The Mighty Quest for Epic Loot, developed by Ubisoft Montreal, mix old school dungeon crawler together with the dungeon management genre in a neat package. A title for gamers who like to reminisce the old days of dungeon crawling and loot collection, while possessing the tools to create their own dungeons (for others to raid of course).
There isn’t much of a story plot to Mighty Quest to rave about when the game’s objective is to “out-shine, out-spend and out bling” other players. The lore about floating castles is quickly summarized as “magic” before being whisked away to the important business of dungeon raiding 101.
The characteristics of the playable heroes are similar to other RPGs. The Knight, is likened to the tank and fighter classes, having massive amount of health but is limited to melee attacks. The Archer on the other hand is a ranged assassin with capabilities to deal massive damage to foes from a distance. Letting him turn well placed traps against mobs. The Wizard, unlike the Knight and Archer, starts out with a full globe of mana to use his skills which is spent after use. While the Knight and Archer loses mana out combat, the wizard regenerates. This ability together with the Wizard’s high damage output from a single spell make him one of the most powerful heroes in the game. Be mindful, he has the least amount of health and he could be easily killed by a well-placed minefield.
Mighty Quest parodies the dungeon crawler genre. It gives players the option to create dungeons for other players to test their skills. At the same time, players feel the need to attack other player’s castles for better loot, experience, more resources or just for the challenge and high score.
Unlike other dungeon crawlers, you’re alone, one man (including your pet) against the entire dungeon. Getting every bit of help would spell the difference between a success raid or failure. Crafting in the game is condensed to swapping gear of the same rarity for another random piece, or combining several pieces of commonly available gear for something better. Gear is randomly generated, so acquiring something you’d like may cost a bit of gold; luckily, there’s usually gold surplus to go around after upgrading your castle and there is very little to spend on thereafter.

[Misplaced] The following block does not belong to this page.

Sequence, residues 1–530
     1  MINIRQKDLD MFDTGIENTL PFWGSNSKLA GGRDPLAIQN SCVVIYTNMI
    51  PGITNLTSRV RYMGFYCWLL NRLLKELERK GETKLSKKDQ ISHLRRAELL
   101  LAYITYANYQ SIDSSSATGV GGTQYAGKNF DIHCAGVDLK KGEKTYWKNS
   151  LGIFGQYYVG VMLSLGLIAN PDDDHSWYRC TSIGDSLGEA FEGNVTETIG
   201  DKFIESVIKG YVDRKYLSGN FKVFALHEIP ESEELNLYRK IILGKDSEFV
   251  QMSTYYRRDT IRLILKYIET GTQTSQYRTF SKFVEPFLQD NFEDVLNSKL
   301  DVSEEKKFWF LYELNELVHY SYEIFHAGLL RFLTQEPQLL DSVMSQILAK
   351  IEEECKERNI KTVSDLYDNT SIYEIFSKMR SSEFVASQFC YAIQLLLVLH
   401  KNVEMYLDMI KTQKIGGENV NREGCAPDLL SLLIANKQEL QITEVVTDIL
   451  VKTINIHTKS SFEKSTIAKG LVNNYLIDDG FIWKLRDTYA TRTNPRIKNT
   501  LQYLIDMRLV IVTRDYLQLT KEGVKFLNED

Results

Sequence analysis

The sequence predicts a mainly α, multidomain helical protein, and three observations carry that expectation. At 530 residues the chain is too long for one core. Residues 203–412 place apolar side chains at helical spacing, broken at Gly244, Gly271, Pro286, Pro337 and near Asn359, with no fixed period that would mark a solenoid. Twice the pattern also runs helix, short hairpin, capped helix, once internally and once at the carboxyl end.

There are, however, limitations which prevents players from designing an impregnable castle. Like other games, there is a value capacity limit which is coherent to the castle level. Monsters and traps are assigned values that limits their numbers within the dungeon. This value also affects the aggro limit based on the location of the room, preventing castle planners from tossing the kitchen sink to the visitor. On the other hand, it encourages the usage of traps, which shares the value capacity as monsters, but do not contribute to the aggro pool. However, traps are double-edged tools which may work as intended or used by the aggressor to his own advantage.
Defending castles at the start of the game is a difficult task since generic monsters and traps are easily defeated; however, through upgrades and possibly through the help of boss monsters, some castles can be quite a tough nut to crack.
Castle designing can be a tedious and time-consuming process, requiring repeated testing and careful deliberation. This offers a great challenge for anyone attempting to min-max a castle design. Unfortunately, the effectiveness of your own castle must be tested by yourself before it is officially registered as a castle for other players to attempt. If you get killed, in your own castle, try again.
The developers at Ubisoft Montreal behind Mighty Quest have several AI castles for players to loot, with each zone governed by a boss. But, even that becomes stale after sometime, and the next natural course of action is to start castle shopping, and that is where all the fun begins.
Unlike other competitive PVP games where the victor gains a wealth of resources and the loser suffers a tremendous loss, this does not apply to Mighty Quest. Players pillage each other’s castles for resources, the actual loss incurred by the defender is a fraction of his resource; never any loss of gear. The math is based on the invader’s rank, hero level, and how fast they clear your castle and destroy your mines. If the invader gets killed due to an unfortunate accident in your castle, the resource stockpile in the throne room is protected from looting. The invader may purchase a revive to continue the quest, but he walks away from resources collected from mobs, mines and loot he collected along the way. Nothing from the resource stockpile.
The castle resets itself after every battle and requires minimum maintenance. Defeated castles are immediately protected against invaders. Giving castle designers time to address weaknesses while enhancing it’s strengths to better challenge prospective invaders. Protected castles are still open to attacks, and loot and resources are still obtainable by killing the resident monsters.
Since the introduction of micro-transactions and free-to-play MMOs, developers have tried various methods to convince gamers to part with their hard earned cash. In Mighty Quest, the cash shop sells aesthetic items, several types of pets to gather dropped loot from defeated monsters, resources and an increased magic find percentage. All of them do not affect game balance. This is especially important for a PVP oriented game.
Mighty Quest plays fantastically as a one man dungeon raiding quest (for epic loot of course) as well as a dungeon management game. It is one tongue-in-cheek title filled with ridiculous naming conventions, witty comments, non-stop trolling, and a magically summarized lore that is worth a good read. If you seek a dungeon crawler and dungeon management game that is easy to pick up, do not hesitate to give this a go. Be warned, putting it down isn’t easy.Dungeon, Review, The Mighty Quest for Epic Loot